Two NIRcam channels are better than one: How JWST can do more science with NIRcam’s short-wavelength dispersed hartmann sensor

E. Schlawin, Marcia J Rieke, J. Leisenring, L. M. Walker, J. Fraine, D. Kelly, K. Misselt, T. Greene, M. Line, N. Lewis, J. Stansberry

Research output: Contribution to journalArticle

7 Citations (Scopus)

Abstract

The James Webb Space Telescope (JWST) offers unprecedented sensitivity, stability, and wavelength coverage for transiting exoplanet studies, opening up new avenues for measuring atmospheric abundances, structure, and temperature profiles. Taking full advantage of JWST spectroscopy of planets from 0.6 to 28 μm, however, will require many observations with a combination of the NIRISS, NIRCam, NIRSpec, and MIRI instruments. In this white paper, we discuss a new NIRCam mode (not yet approved or implemented) that can reduce the number of necessary observations to cover the 1.0–5.0 μm wavelength range. Even though NIRCam was designed primarily as an imager, it also includes several grisms for phasing and aligning JWST’s 18 hexagonal mirror segments. NIRCam’s long-wavelength channel includes grisms that cover 2.4–5.0 μm with a resolving power of R = 1200–1550 using two separate configurations. The long-wavelength grisms have already been approved for science operations, including wide field and single object (time series) slitless spectroscopy. We propose a new mode that will simultaneously measure spectra for science targets in the 1.0–2.0 μm range using NIRCam’s shortwavelength channel. This mode, if approved, would take advantage of NIRCam’s Dispersed Hartmann Sensor (DHS), which produces 10 spatially separated spectra per source at R ∼ 300. We discuss the added benefit of the DHS in constraining abundances in exoplanet atmospheres as well as its ability to observe the brightest systems. The DHS essentially comes for free (at no time cost) with any NIRCam long-wavelength grism observation, but the detector integration parameters have to be selected to ensure that the long-wavelength grism observations do not saturate and that JWST data volume downlink constraints are not violated. Combining both of NIRCam’s channels will maximize the science potential of JWST, which is a limited life observatory.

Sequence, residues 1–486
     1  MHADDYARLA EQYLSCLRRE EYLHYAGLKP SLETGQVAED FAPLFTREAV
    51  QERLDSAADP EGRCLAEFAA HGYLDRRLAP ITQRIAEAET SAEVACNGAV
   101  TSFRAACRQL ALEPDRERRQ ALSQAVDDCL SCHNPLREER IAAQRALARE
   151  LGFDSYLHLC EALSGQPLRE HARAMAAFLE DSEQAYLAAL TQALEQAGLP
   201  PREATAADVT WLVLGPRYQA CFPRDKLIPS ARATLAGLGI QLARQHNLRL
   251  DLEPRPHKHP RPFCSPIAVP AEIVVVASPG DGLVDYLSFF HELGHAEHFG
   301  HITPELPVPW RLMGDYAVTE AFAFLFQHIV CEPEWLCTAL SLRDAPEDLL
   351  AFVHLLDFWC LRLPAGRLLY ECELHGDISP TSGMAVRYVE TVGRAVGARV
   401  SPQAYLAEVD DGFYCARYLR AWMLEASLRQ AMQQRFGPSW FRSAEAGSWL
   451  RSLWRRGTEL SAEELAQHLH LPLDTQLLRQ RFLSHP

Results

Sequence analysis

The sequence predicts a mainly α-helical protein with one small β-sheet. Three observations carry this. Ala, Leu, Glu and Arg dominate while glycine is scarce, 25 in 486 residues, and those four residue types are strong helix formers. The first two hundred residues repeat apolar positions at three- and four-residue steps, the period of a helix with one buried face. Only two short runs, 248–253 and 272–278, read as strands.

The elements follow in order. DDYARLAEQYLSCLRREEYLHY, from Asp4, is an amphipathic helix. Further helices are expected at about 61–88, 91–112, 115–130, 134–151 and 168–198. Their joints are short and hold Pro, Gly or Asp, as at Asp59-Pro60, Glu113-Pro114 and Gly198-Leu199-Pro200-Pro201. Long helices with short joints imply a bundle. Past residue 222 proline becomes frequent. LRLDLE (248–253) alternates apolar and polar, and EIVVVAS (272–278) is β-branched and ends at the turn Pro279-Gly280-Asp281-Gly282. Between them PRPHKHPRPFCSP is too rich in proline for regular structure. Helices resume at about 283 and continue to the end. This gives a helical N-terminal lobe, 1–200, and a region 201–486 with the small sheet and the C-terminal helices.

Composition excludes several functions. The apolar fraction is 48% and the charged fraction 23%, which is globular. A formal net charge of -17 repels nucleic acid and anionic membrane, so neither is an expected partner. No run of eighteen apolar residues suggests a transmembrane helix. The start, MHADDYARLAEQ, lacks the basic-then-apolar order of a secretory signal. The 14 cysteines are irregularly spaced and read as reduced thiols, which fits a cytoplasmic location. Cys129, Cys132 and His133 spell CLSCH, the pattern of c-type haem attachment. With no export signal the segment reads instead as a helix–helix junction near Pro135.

Original languageEnglish (US)
Article number015001
JournalPublications of the Astronomical Society of the Pacific
Volume129
Issue number971
DOIs
StatePublished - Jan 1 2017

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James Webb Space Telescope
sensor
wavelength
sensors
wavelengths
extrasolar planets
spectroscopy
profiles
temperature profile
temperature profiles
science
planets
observatories
planet
observatory
time series
mirrors
costs
atmospheres
atmosphere

Keywords

  • Instrumentation: Spectrographs
  • Planets and satellites: Atmospheres
  • Planets and satellites: Composition

ASJC Scopus subject areas

  • Astronomy and Astrophysics
  • Space and Planetary Science

Cite this

Two NIRcam channels are better than one : How JWST can do more science with NIRcam’s short-wavelength dispersed hartmann sensor. / Schlawin, E.; Rieke, Marcia J; Leisenring, J.; Walker, L. M.; Fraine, J.; Kelly, D.; Misselt, K.; Greene, T.; Line, M.; Lewis, N.; Stansberry, J.

In: Publications of the Astronomical Society of the Pacific, Vol. 129, No. 971, 015001, 01.01.2017.

Research output: Contribution to journalArticle

Schlawin, E. ; Rieke, Marcia J ; Leisenring, J. ; Walker, L. M. ; Fraine, J. ; Kelly, D. ; Misselt, K. ; Greene, T. ; Line, M. ; Lewis, N. ; Stansberry, J. / Two NIRcam channels are better than one : How JWST can do more science with NIRcam’s short-wavelength dispersed hartmann sensor. In: Publications of the Astronomical Society of the Pacific. 2017 ; Vol. 129, No. 971.
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AU - Leisenring, J.

AU - Walker, L. M.

AU - Fraine, J.

AU - Kelly, D.

AU - Misselt, K.

AU - Greene, T.

AU - Line, M.

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